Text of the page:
Silver was discovered in Pony Canyon in May 1862, and the Reese River mining district was organized. The camp of Clifton formed at the mouth of the canyon, and by 1863 boasted a Wells Fargo office, hotels, restaurants, numerous stores and a population of around 500. A post office opened on March 26 of that year. During this time, nearby Austin was experiencing growth of its own, and the two camps became rivals. While Clifton boasted wide streets and level land, Austin was offering free lots to merchants who helped build a road to the Reese River Valley below. By May, Clifton was ahead of Austin by about 50 people and three saloons. Clifton's prosperity would end, however, when the new grade to Austin bypassed the town and Austin was chosen as the Lander County seat. It's post office would only last until February 20 of the next year.

The last activity Clifton would see was in 1880, when it was chosen as the terminus for the Nevada Central Railway. The Nevada Central Railway was completed in 1880 and connected the mines around Austin to the Southern Pacific in Battle Mountain. Since stages and teamsters were overcharged to use the road between Clifton and Austin, a local banker and superintendent of the Manhattan Mine named Alan A. Curtis fought back. He was granted a right of way from the Nevada Central yard to a point in Austin and constructed the narrow gauge Austin City Railway from Clifton to a point just east of the Lander County Courthouse in 1881. The Austin City Railway would operate until 1889, when a reduction in ore forced its closure. The Nevada Central would continue to operate, primarily serving area ranches, until the 1930s.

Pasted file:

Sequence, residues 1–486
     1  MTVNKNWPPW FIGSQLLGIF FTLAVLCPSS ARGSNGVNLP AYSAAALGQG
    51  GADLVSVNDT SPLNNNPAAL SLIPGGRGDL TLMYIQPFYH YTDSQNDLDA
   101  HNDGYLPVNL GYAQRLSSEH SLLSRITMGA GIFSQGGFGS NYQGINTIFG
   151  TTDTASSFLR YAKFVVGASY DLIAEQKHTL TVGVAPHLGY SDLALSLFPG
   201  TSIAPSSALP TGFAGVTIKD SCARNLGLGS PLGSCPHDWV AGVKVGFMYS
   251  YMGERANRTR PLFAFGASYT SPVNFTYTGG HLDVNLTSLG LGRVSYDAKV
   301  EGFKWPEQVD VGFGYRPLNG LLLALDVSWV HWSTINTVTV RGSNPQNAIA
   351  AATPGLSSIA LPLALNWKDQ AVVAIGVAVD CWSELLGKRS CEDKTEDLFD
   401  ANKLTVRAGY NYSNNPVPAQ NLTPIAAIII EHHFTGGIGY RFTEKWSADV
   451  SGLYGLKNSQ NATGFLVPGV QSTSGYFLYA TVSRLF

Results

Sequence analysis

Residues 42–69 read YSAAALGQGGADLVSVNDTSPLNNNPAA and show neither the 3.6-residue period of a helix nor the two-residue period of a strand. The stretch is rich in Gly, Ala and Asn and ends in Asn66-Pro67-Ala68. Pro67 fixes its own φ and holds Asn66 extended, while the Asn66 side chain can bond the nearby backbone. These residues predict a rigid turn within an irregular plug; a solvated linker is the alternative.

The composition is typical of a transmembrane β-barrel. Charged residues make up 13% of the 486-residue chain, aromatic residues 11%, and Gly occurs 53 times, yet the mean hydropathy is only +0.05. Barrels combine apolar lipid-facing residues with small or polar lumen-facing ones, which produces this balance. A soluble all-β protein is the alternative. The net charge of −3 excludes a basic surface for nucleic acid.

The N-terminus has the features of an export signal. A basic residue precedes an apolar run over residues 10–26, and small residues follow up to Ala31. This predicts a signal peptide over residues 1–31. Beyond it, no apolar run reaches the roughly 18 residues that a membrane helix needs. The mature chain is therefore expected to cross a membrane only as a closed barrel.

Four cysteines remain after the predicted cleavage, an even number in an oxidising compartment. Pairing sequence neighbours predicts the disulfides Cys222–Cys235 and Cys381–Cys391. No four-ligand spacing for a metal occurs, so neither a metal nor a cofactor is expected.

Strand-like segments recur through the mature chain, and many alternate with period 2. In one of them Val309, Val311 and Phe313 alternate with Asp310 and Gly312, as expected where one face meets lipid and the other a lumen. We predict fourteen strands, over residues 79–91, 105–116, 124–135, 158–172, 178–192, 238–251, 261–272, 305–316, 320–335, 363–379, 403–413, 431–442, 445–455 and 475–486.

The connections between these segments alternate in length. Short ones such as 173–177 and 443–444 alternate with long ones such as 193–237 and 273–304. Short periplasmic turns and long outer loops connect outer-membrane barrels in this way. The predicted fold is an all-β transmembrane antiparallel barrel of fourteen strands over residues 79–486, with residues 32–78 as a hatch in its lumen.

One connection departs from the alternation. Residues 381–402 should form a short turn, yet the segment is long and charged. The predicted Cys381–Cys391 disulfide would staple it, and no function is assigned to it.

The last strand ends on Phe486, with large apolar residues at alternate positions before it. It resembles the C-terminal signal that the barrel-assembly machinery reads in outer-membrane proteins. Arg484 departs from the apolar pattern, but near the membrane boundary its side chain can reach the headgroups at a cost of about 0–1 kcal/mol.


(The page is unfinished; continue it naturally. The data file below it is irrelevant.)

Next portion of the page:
Today, the most prominent remnants of Clifton are those of the 40-stamp mill built in 1894 by J.G. Phelps Stokes. A roping arena sits at the site of the Nevada Central Railway yard.

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